Did the US bulls just go over a cliff?

It has been the worst few days of trading in US markets since June, with dismal earnings from major corporates painting a truer picture of the insipid global economy. Add the fiscal cliff and Europe's woes and optimism is taking a hit.

The green shoots of optimism that were being seen on the US economy, its stock markets and in global commodity prices look like being dashed.

The near 4 per cent drop in the S&P500 index over the past week is in itself no disaster -- it followed a rise of 15 per cent from the June low. But the reasons for the decline, namely lower corporate earnings growth, economic and policy ructions from the Eurozone and a fragile outlook for China, are unnerving and appear to be getting more problematic.

Some big US companies are posting disappointing profits. Du Pont, 3M and United Technologies are all under-performing. There are more high profile job shedding which can only undermine the already fragile confidence of US consumers. The various surveys on manufacturing activity are turning lower after what may have been a temporary uptick during the US summer.

US politics is looking particularly messy, with the Presidential election too close to call, and with that, there is more posturing from the candidates about "taking the fight to China” over currency manipulation and the dumping of cheap goods into the US. Whatever the merits of arguments about the Chinese yuan and its dumping of manufactured goods into the US, the last thing the US economy needs is a trade war with China.

A close election in the US is also bringing the so-called fiscal cliff into view. This is clearly unsettling markets. While it is widely assumed the fiscal disaster would be avoided as common sense in Congress prevailed, the probability of some disruptive economic event from a fiscal blow-up post election is growing by the day. No longer is it clear that the fiscal contraction will be averted in full and as a result of this and the recent news, it is increasingly unclear whether the US economy will grow by as much as 2.5 per cent in 2013.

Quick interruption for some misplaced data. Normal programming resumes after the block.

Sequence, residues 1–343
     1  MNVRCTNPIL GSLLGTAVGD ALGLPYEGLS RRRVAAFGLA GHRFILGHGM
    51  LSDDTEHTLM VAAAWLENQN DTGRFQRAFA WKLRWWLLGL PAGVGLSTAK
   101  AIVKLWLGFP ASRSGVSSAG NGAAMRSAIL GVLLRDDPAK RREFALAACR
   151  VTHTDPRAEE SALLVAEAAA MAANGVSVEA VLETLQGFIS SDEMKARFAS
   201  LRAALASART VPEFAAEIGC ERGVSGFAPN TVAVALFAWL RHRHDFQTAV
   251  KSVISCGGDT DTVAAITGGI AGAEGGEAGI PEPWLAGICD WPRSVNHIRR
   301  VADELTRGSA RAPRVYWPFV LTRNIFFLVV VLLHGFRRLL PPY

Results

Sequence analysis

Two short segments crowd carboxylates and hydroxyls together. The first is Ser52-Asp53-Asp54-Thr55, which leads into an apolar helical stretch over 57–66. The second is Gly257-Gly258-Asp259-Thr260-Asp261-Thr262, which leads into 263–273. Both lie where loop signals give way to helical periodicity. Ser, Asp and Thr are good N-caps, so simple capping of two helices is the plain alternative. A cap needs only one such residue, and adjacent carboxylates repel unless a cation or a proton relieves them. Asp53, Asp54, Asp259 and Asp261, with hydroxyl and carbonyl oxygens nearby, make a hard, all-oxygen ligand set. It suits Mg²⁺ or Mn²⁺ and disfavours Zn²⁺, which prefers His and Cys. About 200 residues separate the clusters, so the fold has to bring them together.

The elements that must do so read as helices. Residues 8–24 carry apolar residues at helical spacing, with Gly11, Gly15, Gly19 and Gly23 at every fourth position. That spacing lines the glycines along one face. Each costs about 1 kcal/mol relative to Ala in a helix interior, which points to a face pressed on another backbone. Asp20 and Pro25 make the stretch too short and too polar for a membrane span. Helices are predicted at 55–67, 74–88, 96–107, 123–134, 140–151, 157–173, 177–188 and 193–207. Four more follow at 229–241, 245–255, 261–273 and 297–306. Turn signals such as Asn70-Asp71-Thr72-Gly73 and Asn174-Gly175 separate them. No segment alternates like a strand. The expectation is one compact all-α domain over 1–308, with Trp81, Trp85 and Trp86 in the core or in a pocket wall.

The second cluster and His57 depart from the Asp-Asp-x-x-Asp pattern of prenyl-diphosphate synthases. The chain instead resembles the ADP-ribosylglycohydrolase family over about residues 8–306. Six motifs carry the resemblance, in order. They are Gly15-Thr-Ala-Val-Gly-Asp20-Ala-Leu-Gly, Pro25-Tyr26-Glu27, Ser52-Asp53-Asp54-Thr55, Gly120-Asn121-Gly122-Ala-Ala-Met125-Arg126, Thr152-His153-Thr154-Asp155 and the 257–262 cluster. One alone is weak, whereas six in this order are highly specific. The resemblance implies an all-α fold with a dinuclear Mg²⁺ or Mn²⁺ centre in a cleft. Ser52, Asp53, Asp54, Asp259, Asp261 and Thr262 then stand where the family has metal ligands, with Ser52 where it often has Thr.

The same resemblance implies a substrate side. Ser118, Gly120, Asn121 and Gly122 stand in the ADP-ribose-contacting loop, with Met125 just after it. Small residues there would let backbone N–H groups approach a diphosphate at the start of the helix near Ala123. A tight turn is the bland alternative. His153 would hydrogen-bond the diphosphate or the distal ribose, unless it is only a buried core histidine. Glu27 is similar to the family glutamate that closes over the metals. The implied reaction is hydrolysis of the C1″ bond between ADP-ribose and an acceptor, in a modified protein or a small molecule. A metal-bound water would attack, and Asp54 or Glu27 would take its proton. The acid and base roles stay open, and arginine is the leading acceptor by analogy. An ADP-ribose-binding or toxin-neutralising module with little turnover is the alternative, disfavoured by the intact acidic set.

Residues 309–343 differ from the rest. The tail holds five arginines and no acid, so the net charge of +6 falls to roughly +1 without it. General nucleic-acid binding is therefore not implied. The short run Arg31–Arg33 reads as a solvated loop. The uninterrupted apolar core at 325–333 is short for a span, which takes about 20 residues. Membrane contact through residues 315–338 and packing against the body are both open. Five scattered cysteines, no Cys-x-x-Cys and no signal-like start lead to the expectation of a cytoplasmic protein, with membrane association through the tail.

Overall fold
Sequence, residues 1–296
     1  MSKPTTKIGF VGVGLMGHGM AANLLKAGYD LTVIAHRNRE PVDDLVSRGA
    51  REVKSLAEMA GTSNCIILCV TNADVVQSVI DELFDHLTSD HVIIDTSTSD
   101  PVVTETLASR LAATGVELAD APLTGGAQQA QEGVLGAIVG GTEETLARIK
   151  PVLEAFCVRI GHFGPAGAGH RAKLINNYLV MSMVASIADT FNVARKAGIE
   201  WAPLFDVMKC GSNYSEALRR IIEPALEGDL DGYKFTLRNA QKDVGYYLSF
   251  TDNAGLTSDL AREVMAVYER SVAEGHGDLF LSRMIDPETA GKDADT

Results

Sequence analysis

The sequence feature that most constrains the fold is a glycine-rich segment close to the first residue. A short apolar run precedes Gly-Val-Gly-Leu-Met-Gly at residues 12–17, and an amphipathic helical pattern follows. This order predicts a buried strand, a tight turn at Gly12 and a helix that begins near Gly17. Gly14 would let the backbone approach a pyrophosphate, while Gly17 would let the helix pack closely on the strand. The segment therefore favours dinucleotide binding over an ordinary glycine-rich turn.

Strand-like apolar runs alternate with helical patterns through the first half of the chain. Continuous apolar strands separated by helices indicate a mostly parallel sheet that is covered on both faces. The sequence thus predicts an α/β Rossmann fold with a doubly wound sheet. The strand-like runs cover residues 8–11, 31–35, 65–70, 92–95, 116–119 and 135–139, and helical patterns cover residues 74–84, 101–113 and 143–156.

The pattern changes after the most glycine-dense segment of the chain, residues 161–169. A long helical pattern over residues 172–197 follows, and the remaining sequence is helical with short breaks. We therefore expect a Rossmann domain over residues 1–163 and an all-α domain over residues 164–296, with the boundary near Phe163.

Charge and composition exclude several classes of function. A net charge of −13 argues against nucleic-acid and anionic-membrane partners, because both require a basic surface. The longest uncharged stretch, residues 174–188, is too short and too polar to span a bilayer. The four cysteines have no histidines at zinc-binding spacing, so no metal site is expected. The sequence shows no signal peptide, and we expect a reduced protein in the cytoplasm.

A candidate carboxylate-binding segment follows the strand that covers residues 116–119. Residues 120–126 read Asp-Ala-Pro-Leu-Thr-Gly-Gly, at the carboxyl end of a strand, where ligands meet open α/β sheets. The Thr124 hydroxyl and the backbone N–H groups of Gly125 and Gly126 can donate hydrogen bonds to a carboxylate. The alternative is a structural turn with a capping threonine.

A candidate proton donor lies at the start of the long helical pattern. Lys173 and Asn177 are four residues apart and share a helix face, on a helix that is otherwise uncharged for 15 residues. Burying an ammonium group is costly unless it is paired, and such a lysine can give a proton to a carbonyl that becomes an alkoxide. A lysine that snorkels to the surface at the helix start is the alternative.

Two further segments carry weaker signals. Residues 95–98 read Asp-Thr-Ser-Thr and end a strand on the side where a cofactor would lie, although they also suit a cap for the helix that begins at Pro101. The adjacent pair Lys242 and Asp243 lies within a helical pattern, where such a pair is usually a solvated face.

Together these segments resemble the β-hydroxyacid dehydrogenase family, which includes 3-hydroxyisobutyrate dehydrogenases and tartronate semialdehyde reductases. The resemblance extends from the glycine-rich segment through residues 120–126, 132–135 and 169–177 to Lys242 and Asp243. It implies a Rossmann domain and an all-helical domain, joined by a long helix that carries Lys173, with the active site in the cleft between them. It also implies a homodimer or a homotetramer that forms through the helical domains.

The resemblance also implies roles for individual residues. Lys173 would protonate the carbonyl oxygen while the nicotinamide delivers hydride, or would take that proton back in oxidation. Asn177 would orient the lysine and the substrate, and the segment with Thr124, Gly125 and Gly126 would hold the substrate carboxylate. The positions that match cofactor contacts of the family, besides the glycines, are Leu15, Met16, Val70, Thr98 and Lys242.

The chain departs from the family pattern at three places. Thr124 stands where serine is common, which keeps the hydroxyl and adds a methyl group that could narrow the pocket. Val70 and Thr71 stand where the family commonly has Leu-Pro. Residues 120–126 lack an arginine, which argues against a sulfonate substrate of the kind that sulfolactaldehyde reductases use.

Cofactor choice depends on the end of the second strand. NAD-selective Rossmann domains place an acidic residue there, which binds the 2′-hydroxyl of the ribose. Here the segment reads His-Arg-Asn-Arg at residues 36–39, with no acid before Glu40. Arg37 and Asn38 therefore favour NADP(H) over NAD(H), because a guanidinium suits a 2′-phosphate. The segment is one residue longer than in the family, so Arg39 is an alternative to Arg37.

In the Eurozone, the problematic news continues. The Spanish government has downgraded its already dreadful economic outlook with GDP now forecast to fall for a fifth straight quarter which means GDP will drop by 1.7 per cent through the year to the September quarter. Amid this, Prime Minister Mariano Rajoy is still reluctant to implement the reforms that will see Spain qualify for the financial assistance it needs as it faces a huge debt financing obligation over the next year. The markets will not take kindly to any failure of Spain, the fourth largest country in the Eurozone to meet its debt refinancing task.

There was also news from Greece where the government has failed to get agreement on the reform agenda that aims to cut its spending by a massive Euro 13.5 billion in order for it to meet the conditions for further financial aid. There remains a fear that the conditions imposed on Greece are too draconian, with the leader of the Democratic Left Party, Fotis Kouvellis saying the demands which focus on mass lay-offs, cuts in severance pay and the reduction of the minimum wage "will be of no fiscal benefit to our country … they will simply feed unemployment and further burden a recession that is huge already”. Kouvellis has a point.



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